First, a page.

and as one diner commented, "when's the last time
you got this much for $20?" At the Chops
Grille, choices include a range of steaks (from
New York Strip to filet mignon), lamb chops, prime rib,
chicken and a fish-of-the-day, all beautifully prepared.
Twosomes may want to request one of the banquette tables.
At Portofino, the meal included an
antipasti, soup, salad, pasta, main course (try the
lobster) and dessert. One note: On our cruise, the dining
rooms at both spots were rarely more than half-filled,
yet, the service was inconsistent Later in the cruise,
both Portofino and Chops Grille were
open for lunch and dinner; same service fee and menu
Room service is available around-the-clock.
In the Pacifica
Theater, there were three major production
shows. Other nights, the stage hosted comedians, cabaret
singers and musicians. In lounges, musical programs
included an intimate, cabaret-style duo in the Hollywood,
70s night with a disc jockey in Starquest Disco,
solo piano in the Schooner and fabulous
cha-cha (and other dance tunes) with a three-piece band
in the Lobby Bar.
Days at sea were filled with mostly traditional-style
diversions -- napkin folding, bingo, cooking demos,
and art auctions. The pool area usually had a three-piece
band at prime time sunning hours.
One big disappointment for movie lovers was the ship's
in-cabin and cinema selection of flicks, some so old
that we saw them on cruises last winter. Passengers
who want to relax privately with a more current movie
need to go for the pay-per-view option.
Fitness & Recreation
Ship Shape Center & Day
Spa offers treadmills, stairmasters, stationary
bikes, weight machines, and free weights. Each day,
the fitness director leads workouts geared to a variety
of themes, from Pilates and Cardio Ki-Bo to abdominals
and walk-a-mile. The spa (expect the usual product pitch
after a treatment) offers a variety of services, such
as massage, facials, pedicures, manicures, Rasul (an
Arabian mud treatment), Ionithermie Algae Detox; and
Aroma Stone Therapy.
The Spa's Thermal Suite -- available
for an unlimited rate of $50 or a daily cost of $15
-- includes tiled, heated beds (great for sore backs),
showers that operate in mist or tropical forms, and
(unisex) aromatherapy-oriented steam and sauna.
The Country Club has a basketball court,
miniature golf, rock-climbing wall and golf simulator.
The Solarium pool has two whirlpools,
along with comfortable, cushion-topped promenade loungers.
A running track snakes around the main pool area; seven
times around equals a mile. It is pretty narrow, and
gets congested during peak sunning hours. Passengers
may want to time their run or walk early or late in
The 7-deck high atrium
which serves as a central connection spot for activities
in the ship's center. In the evenings, there was always
music in the Lobby Bar that drifted
along the common areas. The Champagne Bar
is a wonderful spot during the daytime and at sunset.
Latte-Tudes offers specialty coffees, and the Casino
Royale has the usual gaming tables and slots.
The Colony Club incorporates
four different lounges/rooms. The Bombay Billiards
Club has self-leveling pool tables, Singapore
Sling is the ship's events lounge, The Jakarta
Lounge has backgammon, checkers and chess tables,
and Calcutta Card Club
is where guests can play board games
The ship is well equipped with three Internet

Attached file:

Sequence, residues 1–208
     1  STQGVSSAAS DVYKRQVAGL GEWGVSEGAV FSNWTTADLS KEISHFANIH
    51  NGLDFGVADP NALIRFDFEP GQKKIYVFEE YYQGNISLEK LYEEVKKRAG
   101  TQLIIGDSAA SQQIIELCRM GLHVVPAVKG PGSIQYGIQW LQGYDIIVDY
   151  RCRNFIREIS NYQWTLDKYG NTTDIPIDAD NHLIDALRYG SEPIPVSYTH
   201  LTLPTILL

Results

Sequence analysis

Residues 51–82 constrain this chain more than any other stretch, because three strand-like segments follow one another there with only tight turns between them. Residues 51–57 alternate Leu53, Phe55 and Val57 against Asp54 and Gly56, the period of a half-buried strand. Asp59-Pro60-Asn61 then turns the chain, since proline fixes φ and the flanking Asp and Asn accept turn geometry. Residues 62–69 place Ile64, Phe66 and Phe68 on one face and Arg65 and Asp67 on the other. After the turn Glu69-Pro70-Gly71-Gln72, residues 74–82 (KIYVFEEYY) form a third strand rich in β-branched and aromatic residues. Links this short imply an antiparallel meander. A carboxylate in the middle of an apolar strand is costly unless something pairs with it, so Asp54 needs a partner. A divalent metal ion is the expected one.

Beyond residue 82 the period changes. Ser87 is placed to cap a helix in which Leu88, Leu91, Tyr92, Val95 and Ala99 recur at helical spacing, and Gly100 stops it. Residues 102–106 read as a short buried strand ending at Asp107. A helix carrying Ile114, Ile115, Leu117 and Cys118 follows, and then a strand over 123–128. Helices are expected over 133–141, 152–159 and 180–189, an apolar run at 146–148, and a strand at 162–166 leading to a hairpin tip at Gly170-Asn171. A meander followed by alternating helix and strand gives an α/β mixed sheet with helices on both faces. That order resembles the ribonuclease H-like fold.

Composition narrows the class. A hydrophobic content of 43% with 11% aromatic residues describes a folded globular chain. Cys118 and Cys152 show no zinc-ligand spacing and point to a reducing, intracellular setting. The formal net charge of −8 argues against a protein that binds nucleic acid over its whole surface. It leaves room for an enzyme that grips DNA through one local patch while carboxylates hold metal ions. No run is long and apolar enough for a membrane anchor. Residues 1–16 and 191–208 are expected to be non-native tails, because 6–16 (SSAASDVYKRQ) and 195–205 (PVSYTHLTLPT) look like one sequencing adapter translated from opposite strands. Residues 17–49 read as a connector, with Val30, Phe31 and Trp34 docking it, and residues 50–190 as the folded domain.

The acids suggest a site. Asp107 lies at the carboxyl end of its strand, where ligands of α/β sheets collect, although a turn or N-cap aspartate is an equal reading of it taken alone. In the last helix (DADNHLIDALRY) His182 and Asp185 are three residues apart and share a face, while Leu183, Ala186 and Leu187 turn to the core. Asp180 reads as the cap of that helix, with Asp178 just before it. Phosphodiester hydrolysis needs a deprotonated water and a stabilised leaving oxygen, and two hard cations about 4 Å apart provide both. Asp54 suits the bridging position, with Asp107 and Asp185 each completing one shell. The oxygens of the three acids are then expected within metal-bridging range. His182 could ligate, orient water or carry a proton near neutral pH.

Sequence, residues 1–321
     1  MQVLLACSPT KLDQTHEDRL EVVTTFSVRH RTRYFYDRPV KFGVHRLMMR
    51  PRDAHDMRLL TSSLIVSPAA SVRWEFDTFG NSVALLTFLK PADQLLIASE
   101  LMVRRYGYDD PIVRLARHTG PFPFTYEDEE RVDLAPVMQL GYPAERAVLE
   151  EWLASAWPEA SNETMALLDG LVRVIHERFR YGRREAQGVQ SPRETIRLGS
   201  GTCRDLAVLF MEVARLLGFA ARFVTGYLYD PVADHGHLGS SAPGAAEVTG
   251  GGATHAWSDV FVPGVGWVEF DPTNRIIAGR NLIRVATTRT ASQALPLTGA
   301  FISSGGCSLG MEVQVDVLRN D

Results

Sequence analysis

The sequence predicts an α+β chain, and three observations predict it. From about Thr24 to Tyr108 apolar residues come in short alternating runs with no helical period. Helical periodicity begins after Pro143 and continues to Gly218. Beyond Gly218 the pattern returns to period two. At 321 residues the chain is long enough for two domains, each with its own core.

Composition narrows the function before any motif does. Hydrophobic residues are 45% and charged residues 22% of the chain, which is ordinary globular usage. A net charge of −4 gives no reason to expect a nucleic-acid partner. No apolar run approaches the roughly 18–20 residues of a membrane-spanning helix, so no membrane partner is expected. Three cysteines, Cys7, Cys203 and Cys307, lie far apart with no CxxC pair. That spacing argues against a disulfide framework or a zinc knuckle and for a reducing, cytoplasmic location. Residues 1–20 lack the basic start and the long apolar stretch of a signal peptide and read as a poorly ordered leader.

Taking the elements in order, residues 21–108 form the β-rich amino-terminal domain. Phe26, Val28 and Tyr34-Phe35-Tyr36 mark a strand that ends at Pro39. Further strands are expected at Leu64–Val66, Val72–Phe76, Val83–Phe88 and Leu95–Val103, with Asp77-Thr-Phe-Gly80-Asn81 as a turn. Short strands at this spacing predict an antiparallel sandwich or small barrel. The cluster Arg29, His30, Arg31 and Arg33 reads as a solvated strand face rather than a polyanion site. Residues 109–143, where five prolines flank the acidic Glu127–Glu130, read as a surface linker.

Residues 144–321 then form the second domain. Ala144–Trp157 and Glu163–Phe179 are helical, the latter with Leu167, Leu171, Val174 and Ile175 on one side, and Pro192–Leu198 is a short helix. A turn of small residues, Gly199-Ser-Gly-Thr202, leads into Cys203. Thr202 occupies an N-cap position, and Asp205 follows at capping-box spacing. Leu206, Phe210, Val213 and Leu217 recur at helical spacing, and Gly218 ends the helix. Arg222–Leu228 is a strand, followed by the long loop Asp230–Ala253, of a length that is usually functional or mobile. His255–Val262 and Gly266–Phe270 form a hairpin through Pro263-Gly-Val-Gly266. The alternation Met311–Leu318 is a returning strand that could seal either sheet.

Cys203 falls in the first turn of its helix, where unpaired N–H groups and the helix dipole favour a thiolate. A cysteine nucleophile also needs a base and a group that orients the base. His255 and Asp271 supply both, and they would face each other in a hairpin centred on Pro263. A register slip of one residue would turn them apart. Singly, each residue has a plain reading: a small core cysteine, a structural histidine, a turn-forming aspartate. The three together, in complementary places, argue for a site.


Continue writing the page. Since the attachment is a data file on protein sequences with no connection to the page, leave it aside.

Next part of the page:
stations (50 cents a minute) which seemed more
than adequate. One tip: passengers who travel with their
own laptops can plug into the ship's Cyber-Cabin
program. For about $10 a day (a bargain if
you go online for anything more than 20 minutes each
day) you can hook up from your stateroom. It connects
for both Windows and Macintosh computers. One more tip:
There's no guarantee that the satellite will cooperate
every time you log on -- whether in the cabin or in
one of the workstations.
The ship's library is a disappointment for the size
of the ship. Brilliance's assortment
of shops carry from duty free liquor to insignia
wear to jewelry to perfumes. Regarding the liquor policy,
passengers can buy at duty free prices (and have their
purchases delivered to their cabin on the last day)
or opt for immediate consumption; the price difference
is fairly significant. The duty-free price for a bottle
of Absolut vodka was $9.95; the immediate takeaway cost
for that same bottle is $19.45. The ship also has a
photo area where snapshots taken by ship photographers
can be purchased. Adjacent to that are two conference/boardrooms,
where all sorts of meetings are held -- as well as interdenominational
and Catholic religious services.
Brilliance has a state-of-the-art medical
facility and also has a helicopter
landing pad for emergency medical evacuations.
Ocean Programs has top-notch facilities, including
a computer lab, play stations with video, Adventure
Beach with water slide and pool, arts and crafts,
games, rock climbing and science fun. The "camp"
also uses the ship for various activities -- dedicated
swimming times, movie showings and special group meals.
The in-cabin televisions have a dedicated children's
channel and there's the Captain Sealy's Kids
Galley Menu. Group babysitting service is available
late nights; kids must be at least 3 years old and potty
trained; the rate is $5 per hour per child. For private
in-cabin babysitting, rate is $8 for up to two kids,
per hour with a minimum of two hours. Requests should
be made 24 hours in advance.
Expert Brilliance of the Seas reviews are edited
by Michelle, and provided by Ian and Cruise Critic.com,
an award-winning cruise community. This objective information
can help you choose just the right ship for your next
Ship Inspection Report
Brilliance of the Seas cruise reviews
All passenger cruise ships arriving at US ports are subject
to unannounced CDC inspection. Brilliance
of the Seas Score: 95
Critic: Brilliance of the Seas
The Cruise Critic gives Royal Caribbean's Brilliance of
the Seas a 4+-ribbon rating.